Background: Finally, the “Great Debate” tape has been released by the Population Health Alliance (PHA). One could imagine that there was pressure to squelch it, but honestly I don’t think so. True, the major tactic of Mr. Goetzel and his cronies is to send “secret” defamatory letters to the media urging them not to publish my material. (How’d that work out for ya, Ron?) and in general try to squelch my exposes. But I suspect the explanation for this delay was more that there were changes of leadership at PHA, and they needed to address other priorities. Sorry I can’t be more conspiratorial about this. I do like a good conspiracy, but at some point one has to concede that, like it or not, there is no evidence of a second gunman on the grassy knoll.
I don’t need to blame a conspiracy or a faulty mic or anything else, because I won this “Great Debate,” held November 2 in Washington, DC, at the 2015 Population Health Alliance conference. How do you know I won (besides this article in Employee Benefit News)? Because I’m the one publicizing the recording.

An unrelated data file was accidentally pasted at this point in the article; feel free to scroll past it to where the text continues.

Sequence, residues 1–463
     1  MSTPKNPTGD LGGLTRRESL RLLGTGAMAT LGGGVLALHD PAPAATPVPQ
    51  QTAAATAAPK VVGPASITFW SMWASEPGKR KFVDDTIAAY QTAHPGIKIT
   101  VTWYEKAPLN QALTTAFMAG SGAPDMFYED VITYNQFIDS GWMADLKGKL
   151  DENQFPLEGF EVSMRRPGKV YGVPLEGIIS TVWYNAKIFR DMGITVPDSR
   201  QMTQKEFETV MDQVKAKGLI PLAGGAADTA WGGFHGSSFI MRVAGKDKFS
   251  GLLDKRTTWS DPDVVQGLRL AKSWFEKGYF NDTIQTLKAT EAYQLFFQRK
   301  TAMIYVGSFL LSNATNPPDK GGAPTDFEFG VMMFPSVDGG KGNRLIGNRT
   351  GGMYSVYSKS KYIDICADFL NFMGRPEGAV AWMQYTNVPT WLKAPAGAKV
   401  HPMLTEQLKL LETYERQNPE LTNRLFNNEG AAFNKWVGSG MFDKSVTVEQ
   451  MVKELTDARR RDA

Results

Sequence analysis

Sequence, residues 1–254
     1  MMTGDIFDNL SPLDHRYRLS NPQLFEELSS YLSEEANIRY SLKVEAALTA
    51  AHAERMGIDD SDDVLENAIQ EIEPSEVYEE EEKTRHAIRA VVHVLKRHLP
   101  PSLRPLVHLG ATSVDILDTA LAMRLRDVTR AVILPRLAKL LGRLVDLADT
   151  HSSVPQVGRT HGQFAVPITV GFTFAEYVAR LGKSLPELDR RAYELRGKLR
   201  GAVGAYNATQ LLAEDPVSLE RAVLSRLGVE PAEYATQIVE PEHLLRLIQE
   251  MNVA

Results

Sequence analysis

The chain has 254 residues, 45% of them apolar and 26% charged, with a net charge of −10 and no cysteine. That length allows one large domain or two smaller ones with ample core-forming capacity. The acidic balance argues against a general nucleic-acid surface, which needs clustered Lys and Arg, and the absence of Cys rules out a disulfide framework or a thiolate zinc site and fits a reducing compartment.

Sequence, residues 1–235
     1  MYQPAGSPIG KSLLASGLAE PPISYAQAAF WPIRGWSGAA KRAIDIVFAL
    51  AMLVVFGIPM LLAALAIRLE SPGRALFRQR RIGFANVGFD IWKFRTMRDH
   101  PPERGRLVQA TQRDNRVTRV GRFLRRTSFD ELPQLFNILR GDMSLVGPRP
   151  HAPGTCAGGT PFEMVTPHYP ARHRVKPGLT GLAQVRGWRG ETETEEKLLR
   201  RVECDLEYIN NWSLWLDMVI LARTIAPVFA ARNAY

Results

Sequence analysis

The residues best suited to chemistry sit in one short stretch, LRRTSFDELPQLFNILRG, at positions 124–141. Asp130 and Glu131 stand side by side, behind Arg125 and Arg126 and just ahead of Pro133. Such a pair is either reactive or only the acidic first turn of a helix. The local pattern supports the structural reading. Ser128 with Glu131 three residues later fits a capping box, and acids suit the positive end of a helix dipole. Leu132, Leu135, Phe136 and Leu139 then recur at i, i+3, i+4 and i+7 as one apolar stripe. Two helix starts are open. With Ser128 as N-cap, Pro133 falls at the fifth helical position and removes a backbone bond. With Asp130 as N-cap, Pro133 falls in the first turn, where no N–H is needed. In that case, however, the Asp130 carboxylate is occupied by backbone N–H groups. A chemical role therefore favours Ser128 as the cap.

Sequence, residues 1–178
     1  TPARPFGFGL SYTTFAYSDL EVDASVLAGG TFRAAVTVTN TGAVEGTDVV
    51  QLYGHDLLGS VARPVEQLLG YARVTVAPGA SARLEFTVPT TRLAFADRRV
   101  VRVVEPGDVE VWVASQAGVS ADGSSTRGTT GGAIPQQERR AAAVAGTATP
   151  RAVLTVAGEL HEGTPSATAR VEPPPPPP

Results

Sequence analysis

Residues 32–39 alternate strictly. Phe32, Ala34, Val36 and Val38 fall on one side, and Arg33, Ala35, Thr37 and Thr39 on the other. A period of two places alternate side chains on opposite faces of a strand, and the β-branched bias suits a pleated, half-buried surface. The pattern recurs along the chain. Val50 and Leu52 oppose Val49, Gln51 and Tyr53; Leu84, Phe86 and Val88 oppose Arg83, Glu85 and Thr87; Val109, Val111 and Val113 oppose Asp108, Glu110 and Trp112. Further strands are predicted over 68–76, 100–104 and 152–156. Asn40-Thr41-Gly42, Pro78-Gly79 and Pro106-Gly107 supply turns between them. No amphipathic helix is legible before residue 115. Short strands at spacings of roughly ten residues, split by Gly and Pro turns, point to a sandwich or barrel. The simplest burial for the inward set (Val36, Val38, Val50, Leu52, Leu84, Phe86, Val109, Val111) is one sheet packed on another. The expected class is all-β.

Today’s installment is Ron Goetzel’s opening remarks. Listen hard to see if you can hear him cite any examples to back up his thesis that I am inaccurate and, among other things, “bad for society.” If you hear any, let me know. Your timer for this tape should coincide with the minute-marks corresponding to the annotations below. I encourage you not to just look at the annotations but listen to the tape itself.
Before we start, a special shout-out to Fred Goldstein, who pulled this all together and moderated. He did a great job.
Quoting the compliments about him in my award-winning book Why Nobody Believes the Numbers, earns him a point for now…but stay tuned as we get further into the debate as the plot thickens. One irony: I am proud of my book, which, though written as a humor book, is used as a textbook in at least 5 graduate-level courses on population health. Ron also (co)authored a wellness guidebook…but we’ll hear later that he disavowed it after I observed that none of the numbers added up.